June 20th, 2013
Onions. You either love’em or hate’em. As a member of the Allium family (alongside garlic and leeks), there are tons of varieties to choose from depending on your flavor preferences from local Walla Walla sweet onions to common white and yellow varieties; red onions, green onions, chives, and shallots. They’re great roasted, pickled, grilled and raw – ask any onion lover!
Walla Walla sweet onion!
(Photo from www.SweetOnions.org)
Maybe you don’t like onions because they invariably end up making you cry. Fair enough, but I have a secret for no-tears chopping – onion goggles! They look a little silly when wearing and chopping away, but they have always kept me tear-free while dicing onions for my next tasty dish!
Also, another easy tip is to chill the onions before cutting and breathe through your mouth while cutting – it kinda helps to avoid the waterworks.
Ready to chop away? Perfect! Try making my tasty 5-Onion Soup! It’s jam-packed with its namesake 5 onions or how about a batch of my Blushing Pickled Red Onions. They are as pretty as they are tasty, and make an excellent topping for burgers, sandwiches, or on an antipasto plate – yum!
So no more tears – pick up some versatile and delicious onions! –Kathy
This recipe is very decadent. It is a lovely starter for an elegant dinner party.
Makes about 10 servings.
2 large leeks
1 medium red onion, cut into large chunks
1 medium yellow onion, cut into large chunks
1 medium white onion, cut into large chunks
6 cloves fresh garlic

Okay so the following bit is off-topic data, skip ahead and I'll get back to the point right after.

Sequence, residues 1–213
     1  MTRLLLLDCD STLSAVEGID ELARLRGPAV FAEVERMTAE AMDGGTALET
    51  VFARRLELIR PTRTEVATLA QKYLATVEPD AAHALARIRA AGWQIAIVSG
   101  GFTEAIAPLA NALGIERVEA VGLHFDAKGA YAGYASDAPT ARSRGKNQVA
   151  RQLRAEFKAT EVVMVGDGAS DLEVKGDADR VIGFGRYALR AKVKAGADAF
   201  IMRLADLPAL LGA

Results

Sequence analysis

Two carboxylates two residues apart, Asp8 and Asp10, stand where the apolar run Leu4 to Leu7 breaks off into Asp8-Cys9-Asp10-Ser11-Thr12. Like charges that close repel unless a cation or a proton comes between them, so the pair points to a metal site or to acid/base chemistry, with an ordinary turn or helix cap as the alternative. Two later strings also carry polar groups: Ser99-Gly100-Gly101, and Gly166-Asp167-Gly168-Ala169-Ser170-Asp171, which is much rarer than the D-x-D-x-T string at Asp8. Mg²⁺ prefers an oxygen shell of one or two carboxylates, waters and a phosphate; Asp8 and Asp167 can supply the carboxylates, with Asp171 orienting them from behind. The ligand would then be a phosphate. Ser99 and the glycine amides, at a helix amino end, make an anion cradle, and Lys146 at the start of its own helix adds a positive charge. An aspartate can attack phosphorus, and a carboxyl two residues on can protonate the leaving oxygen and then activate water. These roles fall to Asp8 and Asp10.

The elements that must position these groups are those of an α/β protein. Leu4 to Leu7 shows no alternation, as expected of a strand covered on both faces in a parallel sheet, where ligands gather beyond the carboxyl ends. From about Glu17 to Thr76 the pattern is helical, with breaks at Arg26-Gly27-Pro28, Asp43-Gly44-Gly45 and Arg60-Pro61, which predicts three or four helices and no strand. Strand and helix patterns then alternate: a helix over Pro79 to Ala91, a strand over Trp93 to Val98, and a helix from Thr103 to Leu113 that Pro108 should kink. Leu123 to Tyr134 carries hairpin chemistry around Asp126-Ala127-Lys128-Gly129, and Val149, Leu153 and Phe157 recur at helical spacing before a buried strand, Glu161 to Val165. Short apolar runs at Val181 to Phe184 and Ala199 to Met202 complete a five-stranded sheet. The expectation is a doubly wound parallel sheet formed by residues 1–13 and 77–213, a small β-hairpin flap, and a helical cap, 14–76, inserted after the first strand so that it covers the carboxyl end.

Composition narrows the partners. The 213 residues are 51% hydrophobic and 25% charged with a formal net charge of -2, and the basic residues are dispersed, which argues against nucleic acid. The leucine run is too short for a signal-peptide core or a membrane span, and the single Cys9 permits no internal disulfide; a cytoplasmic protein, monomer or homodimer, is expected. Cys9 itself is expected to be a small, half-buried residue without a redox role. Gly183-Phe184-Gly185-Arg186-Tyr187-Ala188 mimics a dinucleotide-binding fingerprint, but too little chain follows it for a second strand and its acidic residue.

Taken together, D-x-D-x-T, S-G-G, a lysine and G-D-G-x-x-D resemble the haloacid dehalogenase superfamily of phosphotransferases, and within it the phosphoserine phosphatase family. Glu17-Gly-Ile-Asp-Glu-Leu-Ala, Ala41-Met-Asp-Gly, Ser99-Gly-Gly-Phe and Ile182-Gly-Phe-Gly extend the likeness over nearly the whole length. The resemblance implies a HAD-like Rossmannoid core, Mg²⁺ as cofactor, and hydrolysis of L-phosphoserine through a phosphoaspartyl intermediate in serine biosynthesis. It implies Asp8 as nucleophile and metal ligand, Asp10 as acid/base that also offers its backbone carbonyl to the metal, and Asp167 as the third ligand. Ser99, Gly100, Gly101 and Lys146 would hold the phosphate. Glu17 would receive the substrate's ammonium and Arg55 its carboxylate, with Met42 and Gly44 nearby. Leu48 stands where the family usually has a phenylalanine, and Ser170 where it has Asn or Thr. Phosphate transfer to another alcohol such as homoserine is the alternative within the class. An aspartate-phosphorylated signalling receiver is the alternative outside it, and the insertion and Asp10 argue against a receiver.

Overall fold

4 tablespoons (1/2 stick) butter (or substitute olive oil)
1 cup dry sherry
1 bay leaf
6 black peppercorns, crushed
1 tablespoon chopped fresh thyme, or 1 teaspoon dried
6 cups low-sodium chicken broth or homemade chicken stock
3 cups heavy whipping cream
1/4 cup brandy
1 tablespoon cornstarch
1/4 teaspoon white pepper
Thinly sliced fresh chives for garnishing
Coarsely chop the leeks, discarding the tough green parts, and rinse them well to remove sand.
In two batches, process the leeks, onions, shallots, and garlic in a food processor until finely chopped but not mushy. (Do not overprocess.)
Melt the butter in a large, heavy Dutch oven or soup pot over medium heat. Slowly sauté the onions for 12 to 15 minutes, stirring often, until they just turn a bit golden. Stir in the sherry, scraping up any browned bits in the pan. Add the bay leaf, peppercorns, thyme, and broth. Bring to a simmer, reduce the heat to medium to medium-low, and simmer for 1 hour, or until golden in color and rich in flavor. Add the cream and simmer the soup another 30 minutes.
Mix the brandy and cornstarch and whisk into the simmering soup. Add the white pepper, then season with salt to taste. (The amount of salt needed will vary, depending on whether you used homemade stock or canned broth.) Simmer for 3 to 4 more minutes.
Serve immediately, garnished with chives.
Recipe by Kathy Casey Food Studios®.
Blushing Pickled Red Onions
These are great on sandwiches, served with grilled meats or alongside an antipasto platter.
Makes about 1 quart.
2 large (about 1 1/4 to 1 1/2 lb.) red onions, sliced into 1/4-inch to 1/3-inch rings
1 cup red wine vinegar
3/4 cup water
3/4 cup sugar
1 tablespoon kosher salt
1 tablespoon pickling spices
2 teaspoons minced fresh rosemary
Place onions in a deep, heat-proof, non-aluminum container, such as a glass quart canning jar.
Combine remaining ingredients in a large saucepan. Stir to dissolve all sugar and salt. Bring to a boil and boil 30 seconds to 1 minute, then immediately pour vinegar mixture over onions.
Gently press onions down into liquid. Let cool to room temperature, cover and refrigerate at least 1 1/2 hours before serving.
Store onions tightly covered and refrigerated for up to 10 days.
Recipe by Kathy Casey Food Studios®.